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MEXICO CITY (AP) — Sculptor and printmaker Elizabeth Catlett, a U.S. expatriate renowned for her dignified portrayals of African-American and Mexican women and who was barred from her home country for political activism during the McCarthy era, has died. She was 96. See Artwork Maria Antonieta Alvarez, Catlett’s daughter-in-law, said the artist died Monday in [...]
By Melinda Brocka Bearden was born on this day 100 years ago, September 2, 1911, in Charlotte, North Carolina. Early in his career, his work was influenced by Mexican muralists, including Diego Rivera and José Clemente Orozco. In the 1930s, he studied under German artist George Grosz at the Art Students League in New York. [...]
Trained as a classical painter at the Pennsylvania Academy of the Fine Arts and at Yale University, Barkley L. Hendricks rose to prominence in the ’60s and ’70s, a time when the urban cultural scene was flourishing. His cool, unpretentious portraits of lonesome figures lounging in urban settings embody an era when art, sex and [...]
Elizabeth Catlett has said that the purpose of her art is to “present black people in their beauty and dignity for ourselves and others to understand and enjoy.” As a sculptor and printmaker, she blends figurative and abstract traditions with social concerns, and has maintained a deep belief in the democratic power of printed art to reach a large audience.
Via PBS.org Ellis Wilson, whose father was also an artist, was born in Mayfield, Kentucky in 1899. Wilson went north to Chicago in the early 1920s to study and participate in the African American arts movement that was emerging in urban centers. He graduated from the Art Institute of Chicago in 1923 and later moved [...]
Born in 1891 in New Orleans and raised in Chicago, Motley knew as a child that he wanted to be an artist. He studied art at the Institute of Chicago and in 1928, became the second African American artist to have a solo exhibition in New York City. Motley’s early artistic endeavors include “Old Snuff Dipper”, a realistic portrait a working class southerner that won a Harmon Foundation award. After winning a Guggenheim Fellowship in 1929, Motley left for Paris where he painted Parisian genre scenes, including “Blues”.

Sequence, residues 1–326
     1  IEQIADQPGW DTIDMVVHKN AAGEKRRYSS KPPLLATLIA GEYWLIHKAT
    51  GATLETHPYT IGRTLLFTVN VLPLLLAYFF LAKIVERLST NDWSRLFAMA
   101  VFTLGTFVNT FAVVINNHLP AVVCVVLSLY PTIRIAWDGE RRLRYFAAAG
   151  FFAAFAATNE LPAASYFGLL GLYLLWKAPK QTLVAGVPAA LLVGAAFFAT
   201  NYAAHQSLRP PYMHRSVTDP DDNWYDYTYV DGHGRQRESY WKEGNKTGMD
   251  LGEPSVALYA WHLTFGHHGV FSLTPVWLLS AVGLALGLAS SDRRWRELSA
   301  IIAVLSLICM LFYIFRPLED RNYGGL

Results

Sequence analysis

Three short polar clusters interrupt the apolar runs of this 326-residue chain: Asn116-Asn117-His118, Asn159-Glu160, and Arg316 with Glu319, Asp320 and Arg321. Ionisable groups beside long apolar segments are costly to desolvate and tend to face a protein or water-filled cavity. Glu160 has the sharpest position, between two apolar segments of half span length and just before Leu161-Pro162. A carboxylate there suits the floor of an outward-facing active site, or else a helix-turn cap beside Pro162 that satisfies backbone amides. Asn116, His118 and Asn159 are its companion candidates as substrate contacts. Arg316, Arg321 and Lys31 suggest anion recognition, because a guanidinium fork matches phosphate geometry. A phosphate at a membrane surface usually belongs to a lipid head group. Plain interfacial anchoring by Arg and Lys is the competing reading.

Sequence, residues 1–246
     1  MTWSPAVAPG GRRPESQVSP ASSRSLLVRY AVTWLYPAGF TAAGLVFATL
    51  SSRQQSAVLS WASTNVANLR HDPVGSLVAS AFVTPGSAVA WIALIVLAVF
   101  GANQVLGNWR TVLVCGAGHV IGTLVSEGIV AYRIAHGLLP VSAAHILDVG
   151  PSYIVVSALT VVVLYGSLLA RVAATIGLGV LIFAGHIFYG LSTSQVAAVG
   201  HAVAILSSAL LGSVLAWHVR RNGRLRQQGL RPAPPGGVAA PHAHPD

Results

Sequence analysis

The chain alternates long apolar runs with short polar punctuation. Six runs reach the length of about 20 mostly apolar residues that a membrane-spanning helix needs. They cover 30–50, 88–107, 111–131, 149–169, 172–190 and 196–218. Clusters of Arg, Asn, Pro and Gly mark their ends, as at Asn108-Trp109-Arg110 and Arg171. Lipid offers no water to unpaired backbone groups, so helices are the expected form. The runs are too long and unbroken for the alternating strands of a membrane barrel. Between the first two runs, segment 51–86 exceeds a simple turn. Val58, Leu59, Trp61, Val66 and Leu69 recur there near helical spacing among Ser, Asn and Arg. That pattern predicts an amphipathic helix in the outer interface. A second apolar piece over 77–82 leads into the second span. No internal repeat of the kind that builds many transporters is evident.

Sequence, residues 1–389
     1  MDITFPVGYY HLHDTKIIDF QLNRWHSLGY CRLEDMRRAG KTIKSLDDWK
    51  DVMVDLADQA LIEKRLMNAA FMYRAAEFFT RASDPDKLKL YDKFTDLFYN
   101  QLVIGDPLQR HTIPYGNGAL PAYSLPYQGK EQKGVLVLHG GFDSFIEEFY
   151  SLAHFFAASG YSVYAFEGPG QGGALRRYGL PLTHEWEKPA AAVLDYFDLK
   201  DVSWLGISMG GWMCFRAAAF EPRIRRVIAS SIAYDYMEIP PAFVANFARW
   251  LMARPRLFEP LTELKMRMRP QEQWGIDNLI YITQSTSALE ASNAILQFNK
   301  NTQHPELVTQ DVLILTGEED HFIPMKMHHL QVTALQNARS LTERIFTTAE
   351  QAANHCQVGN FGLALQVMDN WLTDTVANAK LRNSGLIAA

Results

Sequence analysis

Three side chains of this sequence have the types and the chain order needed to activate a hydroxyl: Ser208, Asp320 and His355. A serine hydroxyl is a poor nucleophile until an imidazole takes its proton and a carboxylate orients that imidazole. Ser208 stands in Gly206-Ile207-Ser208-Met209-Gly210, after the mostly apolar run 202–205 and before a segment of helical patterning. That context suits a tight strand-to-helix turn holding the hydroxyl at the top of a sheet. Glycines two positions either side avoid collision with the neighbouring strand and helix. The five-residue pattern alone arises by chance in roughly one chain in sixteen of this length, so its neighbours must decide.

By HOLLAND COTTER Published: June 13, 1998 Lois Mailou Jones, an American painter and an art teacher for almost a half century at Howard University in Washington, died at her home in Washington on Tuesday. She was 92. Ms. Jones was an iconic figure, and an important historic link in a path-breaking generation of black [...]
Henry Ossawa Tanner was born in 1859 in Pittsburgh into a middle class family. At the age of 13, after observing an artist at work at a neighborhood park, Turner decided to become an artist. Tanner’s father, a bishop of the African Methodist Episcopal Church, discouraged his artistic pursuits, hoping that he would instead enter [...]
By ANDREW GREINER The Pharaoh of Pop doesn’t quite have the same ring to it as King of Pop, but visitors to Chicago’s Field Museum could swear that’s Jacko’s face on a 3,000-year-old Egyptian bust. The spitting image limestone sculpture has been on display at the museum since 1988, but recently started drawing attention because [...]